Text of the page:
Hau pioneering physicist from Denmark / THU 4-26-18 / Bell Atlantic merger partner of 2000 / Greek peak on which Zeus was hidden as infant / Mideast city with stock exchange / Classic catalog provider

Thursday, April 26, 2018

Constructor: Alex Eaton-Salners

Relative difficulty: Medium (or brutal, depending on how you navigated that ridiculous proper noun crossing at 28A/23D)

THEME: "with respect to this answer's location" — themers are phrases where the number of the clue is the first part of the phrase; theme clues refer you to other answers in the grid, which provide the real clues. Thus:

Theme answers:
  • 1A: 5-Across, with respect to this answer's location ((1) OVER) — because (the number of the clue) OVER is a BOGEY, which is the answer to 5-Across: Golf score
  • 24A: 22-Across, with respect to this answer's location ((24) SEVEN) (22A: Without stopping = ENDLESSLY)
  • 40A: 41-Across, with respect to this answer's location ((40) WINKS) (41A: Time out? = NAP)
  • 50A: 46-Across, with respect to this answer's location ((50) FIFTY) (46A: In fairness = EQUALLY)
Word of the Day: LENE Hau, pioneering physicist from Denmark (23D) —
Lene Vestergaard Hau (born November 13, 1959 in VejleDenmark) is a Danish physicistwith a PhD from Aarhus University. In 1999, she led a Harvard University team who, by use of a Bose-Einstein condensate, succeeded in slowing a beam of light to about 17 metres per second, and, in 2001, was able to stop a beam completely. Later work based on these experiments led to the transfer of light to matter, then from matter back into light, a process with important implications for quantum encryption and quantum computing. More recent work has involved research into novel interactions between ultracold atoms and nanoscopic-scale systems. In addition to teaching physics and applied physics, she has taught Energy Science at Harvard, involving photovoltaic cellsnuclear powerbatteries, and photosynthesis. As well as her own experiments and research, she is often invited to speak at international conferences, and is involved in structuring the science policies of various institutions. She was keynote speaker at EliteForsk-konferencen 2013 ("Elite Research Conference") in Copenhagen, which was attended by government ministers, as well as senior science policy and research developers in Denmark (wikipedia)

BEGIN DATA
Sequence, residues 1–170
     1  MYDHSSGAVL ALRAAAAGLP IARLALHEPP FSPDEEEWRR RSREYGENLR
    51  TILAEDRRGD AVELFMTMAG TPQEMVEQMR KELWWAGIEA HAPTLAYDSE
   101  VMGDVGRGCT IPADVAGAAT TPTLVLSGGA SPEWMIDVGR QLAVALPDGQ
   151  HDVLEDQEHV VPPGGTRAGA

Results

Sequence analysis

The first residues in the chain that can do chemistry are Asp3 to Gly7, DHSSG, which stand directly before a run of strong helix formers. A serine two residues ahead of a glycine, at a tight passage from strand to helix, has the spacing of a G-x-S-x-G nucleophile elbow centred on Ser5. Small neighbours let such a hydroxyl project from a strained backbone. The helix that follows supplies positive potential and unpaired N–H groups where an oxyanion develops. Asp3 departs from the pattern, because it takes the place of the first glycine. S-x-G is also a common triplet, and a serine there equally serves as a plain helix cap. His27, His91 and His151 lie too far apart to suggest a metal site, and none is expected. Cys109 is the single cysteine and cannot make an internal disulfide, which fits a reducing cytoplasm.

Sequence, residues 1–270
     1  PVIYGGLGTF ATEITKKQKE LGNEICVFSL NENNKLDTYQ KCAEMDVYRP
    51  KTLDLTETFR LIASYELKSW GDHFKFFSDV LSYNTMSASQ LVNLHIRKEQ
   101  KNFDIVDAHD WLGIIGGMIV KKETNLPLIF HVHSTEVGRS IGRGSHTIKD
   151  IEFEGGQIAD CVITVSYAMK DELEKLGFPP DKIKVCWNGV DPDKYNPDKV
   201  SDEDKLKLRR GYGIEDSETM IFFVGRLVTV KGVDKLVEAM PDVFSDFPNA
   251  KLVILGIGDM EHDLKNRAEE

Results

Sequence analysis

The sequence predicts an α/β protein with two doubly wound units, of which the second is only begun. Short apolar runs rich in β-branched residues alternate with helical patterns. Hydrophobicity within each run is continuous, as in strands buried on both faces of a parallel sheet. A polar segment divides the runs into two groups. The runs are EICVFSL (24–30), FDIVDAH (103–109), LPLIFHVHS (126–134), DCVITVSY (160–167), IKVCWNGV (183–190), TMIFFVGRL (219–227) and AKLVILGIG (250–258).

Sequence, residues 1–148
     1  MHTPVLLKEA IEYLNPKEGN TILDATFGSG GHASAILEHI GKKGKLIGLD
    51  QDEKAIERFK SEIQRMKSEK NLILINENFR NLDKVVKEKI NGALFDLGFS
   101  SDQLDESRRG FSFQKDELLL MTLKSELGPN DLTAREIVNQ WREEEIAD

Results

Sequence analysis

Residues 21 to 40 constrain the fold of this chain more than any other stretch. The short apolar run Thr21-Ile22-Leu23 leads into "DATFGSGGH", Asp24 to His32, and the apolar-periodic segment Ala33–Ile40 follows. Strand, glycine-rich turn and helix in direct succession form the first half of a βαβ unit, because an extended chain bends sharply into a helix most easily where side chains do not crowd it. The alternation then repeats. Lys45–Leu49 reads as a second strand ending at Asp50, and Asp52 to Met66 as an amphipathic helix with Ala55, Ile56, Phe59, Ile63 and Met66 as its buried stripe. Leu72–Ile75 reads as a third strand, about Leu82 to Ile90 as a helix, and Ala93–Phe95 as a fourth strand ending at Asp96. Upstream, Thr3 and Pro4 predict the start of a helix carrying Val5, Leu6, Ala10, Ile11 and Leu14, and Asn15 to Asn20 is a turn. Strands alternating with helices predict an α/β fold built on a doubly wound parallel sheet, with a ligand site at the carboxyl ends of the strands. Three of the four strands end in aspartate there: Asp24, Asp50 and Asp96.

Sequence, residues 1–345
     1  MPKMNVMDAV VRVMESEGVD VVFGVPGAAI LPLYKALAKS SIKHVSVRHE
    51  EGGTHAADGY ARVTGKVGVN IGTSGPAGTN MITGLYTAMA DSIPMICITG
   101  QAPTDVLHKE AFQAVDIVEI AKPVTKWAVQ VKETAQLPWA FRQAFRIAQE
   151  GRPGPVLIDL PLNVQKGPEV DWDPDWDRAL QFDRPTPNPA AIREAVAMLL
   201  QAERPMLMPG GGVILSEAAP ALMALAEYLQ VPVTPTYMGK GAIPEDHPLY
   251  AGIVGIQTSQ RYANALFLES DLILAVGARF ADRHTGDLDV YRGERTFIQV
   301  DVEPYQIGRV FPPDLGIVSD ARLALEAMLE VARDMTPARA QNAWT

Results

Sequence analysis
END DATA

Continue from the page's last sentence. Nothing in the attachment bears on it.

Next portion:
• • •

Not hard to understand this theme, but weirdly awkward to describe. I think of "this answer's location" as referring to its position in physical space, not its clue number, so the theme clue phrasing was hard to understand at first. I saw that OVER was just to the left of, or before, or adjacent to BOGEY, and I didn't quite get how OVER's "location" was relevant. Also, OVER itself seemed to want to be a direction. I quickly saw, though, that its clue number was relevant. Anyway, "location" is not the most helpful or accurate word to use in the theme clues, but like I said, you can suss out the meaning without too much trouble, I think. I liked the theme fine. The rest of the grid, though, had some major issues, the biggest of which is a proper noun crossing which should be Lit Up Neon for any constructor, any editor, any proofreader, dear lord, somebody intervene. RYN / LENE is a goshdarn absurdity. Everyone knows Rembrandt, but that "van RYN" part is far far less well known, and when you cross the "N" with LENE ... holy moses, that is rough. LENE Hau sounds remarkably accomplished, but a. she's hugely obscure, as crossword names go (if she weren't, you'd've seen HAU by now), b. her name is highly uncommon, c. her name is largely uninferrable. That *entire* NW corner should've been gutted and redone. I see that there is the little problem of *two* different theme answers being involved, but when you end up with RYN / LENE, *and* you have ANSE (!?!?!), which is possibly more obscure than LENE, I mean ... you really oughta rethink what you're doing here. I beg all constructors to erase ANSE from your wordlists. It's rank obscurantism and makes people want to punch their crosswords (even / especially those of us who know it).